While the first generation emigrants had been sending their earnings through remittances to buy more property in and around their native places and have constructed huge two-storeyed palatial houses in their villages for their families, their younger generations too are abandoning their homes and emigrating abroad. In the recently held three-day world Punjabi conference at Punjab Kala Bhawan, Chandigarh, delegates from diaspora Sikh community from foreign lands pointed to these very disturbing trends. Principal Sarwan Singh (retd.), a well-known, popular Punjabi author and Kabbadi commentator of yore told the audience that while he himself and his brothers invested their earnings in their ancestral village, their sons and grandsons have also migrated to Canada for whom they had created these assets. While nearly one and a half lac Punjab youth have emigrated to Canada either on study or work visas or through some others means this year, their capital wealth worth seventy crores had also gone from Punjab to Canada during this financial year. Thus it is a flight of both productive human resource as well as capital from Punjab, he told. He attributed this twin losses of productive human source and capital to the lack of good, quality education and employment avenues in Punjab, shrinking land holdings, diminishing returns from agriculture and short sighted, opportunistic polices of State's political leadership. On the other hand, the emigrated Punjabi youth who go on a study visa are made to pay exhorbitant fees by the foreign universities and have to live in congested overcrowded basement accommodations. According to Dr Manpreet Dhindsa Sahota, a college lecturer in English in a college in Canada, while a native Canadian student pays 2300 dollars for one semester in a college, an immigrant student has to pay 8700 dollars for the same semester. It is out of these dues that Canada pays for its social security and welfare schemes for its senior citizens. (Punjabi Tribune, Dastak, March 10, 2019).
These exorbitant fees for Punjab students have been paid by their marginal land holding parents either by selling or mortgaging their meager economic assets. Thus, this brain drain from Punjab is not only depriving Punjab of its productive human resource but also its economic assets. This emigration on such a large scale has another dimension as well. The vacuum created by the emigrating workforce is being filled by a similar work force from other Indian states like Bihar and Utar Pardesh, but not for wealth creation in Punjab but for taking their earnings to their native states. This incoming workforce, being non-Sikh and socially and culturally different, is also causing a big demographic change in the state of Punjab. As this two-way process of emigration from Punjab and immigration into Punjab is likely to persist in the coming decades, Punjab is likely to lose both its Sikh majority and Punjabi speaking state tag. It will also have further political repercussions as Sikh share in political power structure is likely to get reduced gradually. In the long run, Punjab is likely to lose its distinct religious, cultural and even political identity. Nothing is more damaging for a well-knit religious community like the Sikhs than losing its distinct religious and cultural moorings and becoming an insignificant part/ number in the anonymous mass of a majoritarian religious majority even in its own native state. Thus, it a quadruple (four dimensional) Whammy for the Sikhs and Punjab with loss of Sikh youth and their wealth and addition of non-Sikh human resource and flight of Punjab's wealth through their remittances at this stage. The increasingly intolerant and aggressive majoritarian Hindutva forces are already knocking at our doors while we ourselves are voluntarily creating a space for them. Preservation of distinct Sikh religious and cultural identity in the Sikh homeland is as obligatory for the Sikhs as earning their livelihood. Sikhs as a community and the Sikh religious and political leadership, as the custodian of this religious heritage, ethos and Sikh way of life, should take a serious note of this disturbing trend and make long-term plans and policies for its preservation and promotion. Another by-product or collateral damage of this exodus of youth combined with poor employment avenues and diminishing agricultural returns is working on the psychology of the remaining Sikh human resource who could not or cannot venture abroad or find any gainful employment in Punjab. Their sense of desperation and depression is resulting in increasing number of suicides among the marginal Sikh farmers, landless labourers and a very high rate of drug addiction among the Sikh youth. The recent surveys conducted by AIIMS in 2015-16 and State Universities recently provide alarming statistics. This fact of large scale addiction of Punjab Sikh youth to alcohol and other opioid substances is corroborated by the registration of thousands of cases and police arrests of drug peddlers and drug addicts in addition to the de-addiction facilities in almost all the primary health centres of Punjab State. The cinematic films like "Udta Punjab" released earlier has highlighted this grim scenario. The end result of large scale emigration, exodus and influx through immigration into Punjab, increasing suicides and drug addiction combined together have converted a once rich prosperous state and its dynamic and hardworking people into a deserted State and helpless frustrated human resource. Excessive use of fertilizers, chemical insecticides and pesticides and depleting water table, degenerating soil fertility, unruminerative prices of agricultural produce, alarming rate of unemployment and directionless populist policies of its political leadership have all combined and resulted into this economic, social and cultural rot. How painfully the following lines from the immortal poem "The Deserted Village" written by an 18th century British poet Oliver Gold Smith sum up the present state of helplessness of Punjab, Sikh youth, and its dwindling economy which the English poet had once written about a similar agrarian crisis in great Britain in the 18th century:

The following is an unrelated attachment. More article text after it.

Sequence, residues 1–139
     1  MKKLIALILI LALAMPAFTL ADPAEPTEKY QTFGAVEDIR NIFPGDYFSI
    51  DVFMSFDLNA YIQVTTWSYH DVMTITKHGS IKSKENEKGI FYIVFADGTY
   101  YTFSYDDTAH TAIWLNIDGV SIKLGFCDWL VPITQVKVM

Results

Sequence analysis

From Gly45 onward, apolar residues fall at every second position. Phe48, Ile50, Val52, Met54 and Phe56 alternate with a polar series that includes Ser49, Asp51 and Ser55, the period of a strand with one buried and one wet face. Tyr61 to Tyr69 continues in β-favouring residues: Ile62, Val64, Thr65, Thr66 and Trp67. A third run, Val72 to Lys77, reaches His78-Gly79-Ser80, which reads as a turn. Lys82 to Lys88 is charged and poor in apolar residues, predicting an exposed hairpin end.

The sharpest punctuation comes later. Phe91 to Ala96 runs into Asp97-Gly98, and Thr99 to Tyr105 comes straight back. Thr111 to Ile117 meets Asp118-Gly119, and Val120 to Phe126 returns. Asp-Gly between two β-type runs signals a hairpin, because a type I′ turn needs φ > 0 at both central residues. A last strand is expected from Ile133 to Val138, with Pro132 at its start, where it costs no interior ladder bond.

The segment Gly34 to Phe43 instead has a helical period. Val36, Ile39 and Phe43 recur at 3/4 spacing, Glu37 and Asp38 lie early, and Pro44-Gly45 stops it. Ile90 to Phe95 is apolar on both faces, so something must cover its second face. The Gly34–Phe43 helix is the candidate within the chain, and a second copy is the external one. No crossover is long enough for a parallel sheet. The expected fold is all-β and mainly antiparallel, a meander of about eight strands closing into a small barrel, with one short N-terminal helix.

"And, trembling, shrinking from the spoiler's hand;
Far, far away thy children leave the land.
Ill fares the land, to hastening ills a prey,
Where wealth accumulates, and men decay."
It is a wakeup call for all the stakeholders and custodians of Punjab and the Sikh community to save rich Sikh heritage, culture and Sikh way of life.
ęCopyright Institute of Sikh Studies, 2019, All